Lycian way is 509 km long footpath in Turkey located in southern part of the country.The idea for walking on this long path come after i saw several pictures from this trail. Lycia is the historical name of the Tekke Peninsula, which juts into the Mediterranean on Turkey’s southern coast. The mountains rise steeply from the rocky coast, giving beautiful views and varied walking. Forestry predominates; pines are mixed with strawberry trees and carob, and give way to juniper and cedar at higher elevations. Along with coastal tourism, high-intensity agriculture is crowded onto the deltas.
History of the lycian way
The Lycians were a democratic but independent, warlike people, with a developed art style and a high standard of living. Their strategic position gave them unique opportunities for sea-trade and (at times) for piracy. After Persian rule, the Lycians welcomed Alexander the Great and absorbed Greek culture. Later, Lycia became a province of the Roman Empire. The Romans developed many cities and ports, linking them with paved roads and equipping them with theatres, baths, forums, temples and ceremonial gates. From the 4th Century, Christianity took hold and, as the Roman empire crumbled, many Byzantine monasteries were founded in the Lycian hills. Lycian graves and ruins abound on the peninsula and the Lycian Way passes about 25 remote historical sites.
Routhe- Lycian way
Investigated and then waymarked by Kate Clow, a Britishwoman living in Turkey, with the help of a number of volunteers and Turkish Ministry of Culture in early 2000s, Lycian Way connects a number of villages, mountain hamlets, Lycian and Roman sites on its route and ranges from 0 m (sea level) to 1,800 m summit of Mt Tahtalı (known by the name Olympos in ancient times) at elevation. It’s not a single footpath that has been intact since times immemorial, rather it’s a collection of ancient paths, mule and caravan trails, forest and backcountry roads. For many sites, it’s the most convenient way to get to, and still many others let themselves to be enjoyed only by those taking the effort to hike the trail.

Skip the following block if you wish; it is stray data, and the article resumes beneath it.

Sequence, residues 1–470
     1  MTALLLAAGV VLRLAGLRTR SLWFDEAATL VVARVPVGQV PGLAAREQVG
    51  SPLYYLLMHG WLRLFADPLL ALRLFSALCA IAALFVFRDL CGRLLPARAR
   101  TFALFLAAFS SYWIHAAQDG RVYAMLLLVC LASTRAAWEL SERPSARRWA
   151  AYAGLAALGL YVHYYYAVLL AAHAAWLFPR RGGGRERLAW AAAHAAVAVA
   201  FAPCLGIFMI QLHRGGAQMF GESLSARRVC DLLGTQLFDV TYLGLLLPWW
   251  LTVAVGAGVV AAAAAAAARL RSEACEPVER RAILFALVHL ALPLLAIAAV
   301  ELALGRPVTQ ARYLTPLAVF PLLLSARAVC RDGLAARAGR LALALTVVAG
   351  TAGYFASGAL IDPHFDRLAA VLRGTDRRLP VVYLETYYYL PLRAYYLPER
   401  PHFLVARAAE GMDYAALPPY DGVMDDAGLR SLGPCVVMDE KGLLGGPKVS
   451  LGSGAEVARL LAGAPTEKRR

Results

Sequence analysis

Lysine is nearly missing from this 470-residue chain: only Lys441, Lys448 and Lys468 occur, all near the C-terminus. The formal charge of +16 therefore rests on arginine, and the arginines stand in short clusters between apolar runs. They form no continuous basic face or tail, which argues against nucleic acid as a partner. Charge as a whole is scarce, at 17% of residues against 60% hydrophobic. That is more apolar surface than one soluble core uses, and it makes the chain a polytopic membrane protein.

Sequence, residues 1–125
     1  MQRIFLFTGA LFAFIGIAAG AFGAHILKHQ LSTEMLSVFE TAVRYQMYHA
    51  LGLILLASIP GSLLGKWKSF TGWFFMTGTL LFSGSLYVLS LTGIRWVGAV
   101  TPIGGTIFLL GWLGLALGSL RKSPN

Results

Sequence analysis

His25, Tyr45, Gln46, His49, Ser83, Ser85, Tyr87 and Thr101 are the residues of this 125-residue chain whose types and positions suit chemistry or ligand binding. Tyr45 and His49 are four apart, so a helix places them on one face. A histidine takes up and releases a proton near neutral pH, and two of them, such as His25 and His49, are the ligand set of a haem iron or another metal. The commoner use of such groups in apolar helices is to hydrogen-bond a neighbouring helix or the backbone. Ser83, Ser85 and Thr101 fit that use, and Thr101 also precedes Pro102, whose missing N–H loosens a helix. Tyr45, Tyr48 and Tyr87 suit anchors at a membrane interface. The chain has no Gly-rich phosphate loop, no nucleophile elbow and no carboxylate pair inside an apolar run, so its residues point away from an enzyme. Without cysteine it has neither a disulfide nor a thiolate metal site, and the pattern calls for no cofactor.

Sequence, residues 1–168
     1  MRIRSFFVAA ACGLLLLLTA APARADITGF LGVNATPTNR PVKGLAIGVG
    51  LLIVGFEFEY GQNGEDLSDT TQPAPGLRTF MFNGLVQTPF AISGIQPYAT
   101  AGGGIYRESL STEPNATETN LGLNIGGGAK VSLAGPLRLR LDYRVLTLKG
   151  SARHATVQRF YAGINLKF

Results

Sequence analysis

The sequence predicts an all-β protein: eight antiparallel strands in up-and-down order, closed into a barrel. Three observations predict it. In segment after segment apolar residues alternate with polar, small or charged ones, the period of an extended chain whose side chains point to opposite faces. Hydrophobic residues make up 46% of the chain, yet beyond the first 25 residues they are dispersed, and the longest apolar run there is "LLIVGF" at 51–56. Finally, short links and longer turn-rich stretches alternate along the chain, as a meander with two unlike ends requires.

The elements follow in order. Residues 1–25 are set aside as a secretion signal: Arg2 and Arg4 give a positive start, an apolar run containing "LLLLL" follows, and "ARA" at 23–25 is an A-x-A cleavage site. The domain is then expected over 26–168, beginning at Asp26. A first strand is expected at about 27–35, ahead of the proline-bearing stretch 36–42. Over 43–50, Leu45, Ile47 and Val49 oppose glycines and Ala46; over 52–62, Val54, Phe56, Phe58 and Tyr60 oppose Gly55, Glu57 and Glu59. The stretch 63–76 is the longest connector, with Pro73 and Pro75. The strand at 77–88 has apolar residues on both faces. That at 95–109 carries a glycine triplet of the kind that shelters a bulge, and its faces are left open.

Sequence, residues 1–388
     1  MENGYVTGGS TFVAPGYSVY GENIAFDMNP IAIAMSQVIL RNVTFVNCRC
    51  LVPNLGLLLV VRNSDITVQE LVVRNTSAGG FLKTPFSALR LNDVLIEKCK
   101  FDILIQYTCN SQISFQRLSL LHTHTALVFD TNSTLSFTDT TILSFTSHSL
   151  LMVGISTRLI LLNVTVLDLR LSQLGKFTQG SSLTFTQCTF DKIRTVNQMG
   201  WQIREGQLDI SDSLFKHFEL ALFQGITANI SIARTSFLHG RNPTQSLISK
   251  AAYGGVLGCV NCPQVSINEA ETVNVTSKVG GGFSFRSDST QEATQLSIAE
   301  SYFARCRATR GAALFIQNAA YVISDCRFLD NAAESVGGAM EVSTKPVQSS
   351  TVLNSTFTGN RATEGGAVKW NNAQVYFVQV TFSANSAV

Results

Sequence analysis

Although there are some hikers doing the whole trail in one go, most people prefer to do it in sections, and in fact some sections are more popular than others. Some short sections of the trail near the major towns can even be regarded as a day trip. Most people walk the trail west to east, that is, from Fethiye towards Antalya and the waymarks are easier to follow in this direction.
Once littered, it is very hard to clean the trail up, as it mostly lies on a remote and rugged territory. Therefore, following leave-no-trace guidelines is important. Also, think ahead carefully about what you will need and what you won’t, as anything that is regarded as “trash” will need to be carried to the nearest garbage bin – a convenience even some of the mountain hamlets completely lack, let alone the trail itself.
April-May and October-November is reported to be best to hike the trail, as it’s warm (but not infernally hot unlike in summer!) and not rainy (unlike winter) during these months.
Most small villages featuring a “shop” will actually be selling overpriced snacks and drinks. Do not rely on them for proper meals. They do sell bread though, usually kept out of view (ask for “ekmek”, 1 Turkish lira a piece is a fair price).
There are plenty of camping places with nearby water mentioned in the book; you do not have to ask permission to camp out.
The walking is moderate grade with daily walks of around 3-6 hours. There are some steep sections over loose trails during the walk and such sections of the trail require care. The accent is on keeping a steady pace to with time to stop and take photos (subject to weather conditions). You will need a reasonable level of fitness to participate fully in this adventure.